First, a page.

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answers to your quests
Posted by stevesch on Apr 26 2004
I have fished this river and stayed at the upper cabin:

1. Timing - very hard to judge, I've been there ~10 days earlier than you, and caught some silvers, was told I should have been there the week before, but then - - - more fish seemed to come in when it rained. 9/3 seems reasonable.

2. Hiking up river - well, a couple things about this.  First, the river is separated into three sections;  the "flats", which includes the distance between both cabins, is tidal and spans about 2 miles from duncan canal to the "rocks", which is a wadeable, riffle section which goes a short distance, maybe 1/2 mile upstream, then it becomes this pretty deep "upper river", almost chest high at low water for about 3 miles until it splits into a couple forks.  The castle is a pretty significant river, you are talking 150 feet or so across in the tidal section, and 50-75 feet in the upper river below the forks.  You can wade across the rocks at all tides, the flatter section at the lower tides, and you can't wade across the upper river really, but you wouldn't drown or get swept away unless it is raining in which case you shouldn't even try.

The problem with hiking/fishing, is that there is no trail much above the upper cabin (it goes up to the boat) and alot of downed timber and tough going beyond that.  In the river, the current and depth is such that it is also very tough wading.  It is tough to really cast into the structure from the bank - no place to backcast.  Also, the times that fishing is best is after rains, so the current is higher - - then, you can't wade at all. Make noise if you hike, there are bears.  Much better in upper section by boat.

What I did was pack in a motor and haul it up to the boat that comes with the upper cabin (the boat is kept at the downstream end of the upper river, where it is all flat).  This was a real good move - other than the fact that five people couldn't use one boat.  I was able to motor up to the forks, and drift down and sometimes catch good numbers of silvers holding against cut banks and by large wood structure.  Like you, I'd intended to maybe use the boat at the lower cabin to try the duncan canal, but the motor turned out to be very tricky to start and I didn't want to risk it for that.  People at the cabins sometimes trade boats, whatever, you have to ask I guess.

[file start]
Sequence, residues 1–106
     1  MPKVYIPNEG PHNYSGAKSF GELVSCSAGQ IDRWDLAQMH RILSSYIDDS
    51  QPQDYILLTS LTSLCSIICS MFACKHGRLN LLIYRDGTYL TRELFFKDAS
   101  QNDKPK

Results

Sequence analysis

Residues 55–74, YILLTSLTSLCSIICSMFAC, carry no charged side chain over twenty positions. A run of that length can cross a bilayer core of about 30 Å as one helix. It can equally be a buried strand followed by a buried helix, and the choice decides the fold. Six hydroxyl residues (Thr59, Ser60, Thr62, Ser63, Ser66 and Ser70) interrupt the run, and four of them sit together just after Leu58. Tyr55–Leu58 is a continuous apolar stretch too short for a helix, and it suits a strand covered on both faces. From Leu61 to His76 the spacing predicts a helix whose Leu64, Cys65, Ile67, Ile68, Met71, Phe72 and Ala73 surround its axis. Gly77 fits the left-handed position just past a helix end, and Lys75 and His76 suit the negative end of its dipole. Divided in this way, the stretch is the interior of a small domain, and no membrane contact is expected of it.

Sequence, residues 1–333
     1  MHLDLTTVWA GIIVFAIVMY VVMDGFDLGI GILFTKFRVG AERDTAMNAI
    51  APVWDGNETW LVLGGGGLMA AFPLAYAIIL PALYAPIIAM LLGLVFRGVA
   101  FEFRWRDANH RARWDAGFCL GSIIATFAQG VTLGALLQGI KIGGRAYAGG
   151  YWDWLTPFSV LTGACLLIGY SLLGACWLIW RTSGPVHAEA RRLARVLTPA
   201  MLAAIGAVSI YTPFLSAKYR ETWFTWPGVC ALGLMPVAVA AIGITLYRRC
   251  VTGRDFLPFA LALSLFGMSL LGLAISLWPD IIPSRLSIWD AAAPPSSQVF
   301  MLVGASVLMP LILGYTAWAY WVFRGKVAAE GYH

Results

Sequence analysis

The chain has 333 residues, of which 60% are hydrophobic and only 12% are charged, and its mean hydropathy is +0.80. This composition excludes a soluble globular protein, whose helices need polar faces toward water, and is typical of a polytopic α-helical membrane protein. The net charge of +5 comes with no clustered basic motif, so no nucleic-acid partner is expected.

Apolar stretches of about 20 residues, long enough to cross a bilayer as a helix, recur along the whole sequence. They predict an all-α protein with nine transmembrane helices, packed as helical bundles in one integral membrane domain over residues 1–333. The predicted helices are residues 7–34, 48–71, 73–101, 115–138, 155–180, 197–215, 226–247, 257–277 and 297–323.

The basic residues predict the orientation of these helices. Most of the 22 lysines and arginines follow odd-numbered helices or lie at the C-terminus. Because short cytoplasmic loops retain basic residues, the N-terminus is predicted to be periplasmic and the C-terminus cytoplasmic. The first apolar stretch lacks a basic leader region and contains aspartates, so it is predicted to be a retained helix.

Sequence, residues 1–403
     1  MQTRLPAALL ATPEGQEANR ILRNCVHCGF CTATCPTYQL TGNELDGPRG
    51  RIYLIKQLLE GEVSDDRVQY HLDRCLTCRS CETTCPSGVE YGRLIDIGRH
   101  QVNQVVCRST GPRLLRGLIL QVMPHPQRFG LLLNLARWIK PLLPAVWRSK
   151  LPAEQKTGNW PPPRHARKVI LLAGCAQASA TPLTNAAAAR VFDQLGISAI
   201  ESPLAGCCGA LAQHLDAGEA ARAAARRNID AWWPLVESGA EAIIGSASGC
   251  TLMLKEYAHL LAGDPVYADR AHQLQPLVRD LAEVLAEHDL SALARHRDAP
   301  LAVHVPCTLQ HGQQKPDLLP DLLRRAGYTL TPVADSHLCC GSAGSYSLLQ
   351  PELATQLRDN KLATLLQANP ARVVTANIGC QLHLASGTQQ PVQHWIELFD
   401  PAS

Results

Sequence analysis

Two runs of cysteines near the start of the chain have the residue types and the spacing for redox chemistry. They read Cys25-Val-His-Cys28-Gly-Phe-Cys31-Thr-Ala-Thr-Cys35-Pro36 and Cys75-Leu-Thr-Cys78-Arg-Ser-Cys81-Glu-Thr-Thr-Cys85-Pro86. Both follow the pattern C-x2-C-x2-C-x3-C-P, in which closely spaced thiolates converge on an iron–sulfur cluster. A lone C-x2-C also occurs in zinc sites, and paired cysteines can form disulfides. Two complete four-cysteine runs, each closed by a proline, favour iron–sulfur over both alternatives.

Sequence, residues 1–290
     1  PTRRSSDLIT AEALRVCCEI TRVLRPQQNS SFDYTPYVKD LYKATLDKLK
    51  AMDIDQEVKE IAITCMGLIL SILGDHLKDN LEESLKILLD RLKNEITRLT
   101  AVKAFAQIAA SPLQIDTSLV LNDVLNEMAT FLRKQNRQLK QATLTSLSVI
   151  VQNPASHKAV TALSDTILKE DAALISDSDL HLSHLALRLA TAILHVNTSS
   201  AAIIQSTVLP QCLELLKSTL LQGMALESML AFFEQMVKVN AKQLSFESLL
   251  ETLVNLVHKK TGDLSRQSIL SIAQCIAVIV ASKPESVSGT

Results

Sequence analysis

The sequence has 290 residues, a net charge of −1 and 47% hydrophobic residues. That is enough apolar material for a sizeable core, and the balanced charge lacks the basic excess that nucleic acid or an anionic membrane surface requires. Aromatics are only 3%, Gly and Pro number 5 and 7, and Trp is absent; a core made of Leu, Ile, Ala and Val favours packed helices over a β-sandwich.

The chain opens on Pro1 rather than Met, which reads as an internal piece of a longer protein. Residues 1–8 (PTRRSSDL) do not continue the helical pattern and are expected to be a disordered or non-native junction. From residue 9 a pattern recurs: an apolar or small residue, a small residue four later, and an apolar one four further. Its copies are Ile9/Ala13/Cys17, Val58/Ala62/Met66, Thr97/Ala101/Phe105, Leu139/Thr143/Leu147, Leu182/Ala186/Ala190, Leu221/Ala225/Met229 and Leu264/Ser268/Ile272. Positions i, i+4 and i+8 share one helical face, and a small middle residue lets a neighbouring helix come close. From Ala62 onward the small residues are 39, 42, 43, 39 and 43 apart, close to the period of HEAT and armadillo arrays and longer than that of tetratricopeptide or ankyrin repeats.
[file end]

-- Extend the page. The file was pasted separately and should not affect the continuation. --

Now, above the forks, there is a section of river that splits in two and it has (or did when I was there) a lot of downed timber.  impossible to get boat thru or wade.

2. Strategy on tides -  ya know, I found the fish in the tidal section of the river didn't really have a tidal bite...they bit in the morning and evening, but who knows?  If you are going out in the duncan canal, you need a navigation strategy, like coming back on an incoming tide (I looked at the tide tables and your dates are actually good for this).  At lower tides, the tidal portion of the river not only is shallower, but develops a significant current.  Its much less of a problem with the small skiff than it would be with a large boat, which must approach at high tide.